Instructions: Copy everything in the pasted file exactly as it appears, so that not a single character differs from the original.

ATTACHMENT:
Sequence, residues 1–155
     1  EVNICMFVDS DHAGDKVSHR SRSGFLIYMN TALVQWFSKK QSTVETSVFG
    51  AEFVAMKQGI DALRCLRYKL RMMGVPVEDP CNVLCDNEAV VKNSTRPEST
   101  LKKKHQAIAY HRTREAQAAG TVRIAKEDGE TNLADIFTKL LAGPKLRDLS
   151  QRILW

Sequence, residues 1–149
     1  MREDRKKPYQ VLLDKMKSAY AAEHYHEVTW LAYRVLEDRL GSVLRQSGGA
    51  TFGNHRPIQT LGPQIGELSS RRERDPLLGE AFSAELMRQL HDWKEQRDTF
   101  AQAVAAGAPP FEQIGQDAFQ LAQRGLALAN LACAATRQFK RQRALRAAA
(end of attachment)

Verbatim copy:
Sequence, residues 1–155
     1  EVNICMFVDS DHAGDKVSHR SRSGFLIYMN TALVQWFSKK QSTVETSVFG
    51  AEFVAMKQGI DALRCLRYKL RMMGVPVEDP CNVLCDNEAV VKNSTRPEST
   101  LKKKHQAIAY HRTREAQAAG TVRIAKEDGE TNLADIFTKL LAGPKLRDLS
   151  QRILW

Sequence, residues 1–149
     1  MREDRKKPYQ VLLDKMKSAY AAEHYHEVTW LAYRVLEDRL GSVLRQSGGA
    51  TFGNHRPIQT LGPQIGELSS RRERDPLLGE AFSAELMRQL HDWKEQRDTF
   101  AQAVAAGAPP FEQIGQDAFQ LAQRGLALAN LACAATRQFK RQRALRAAA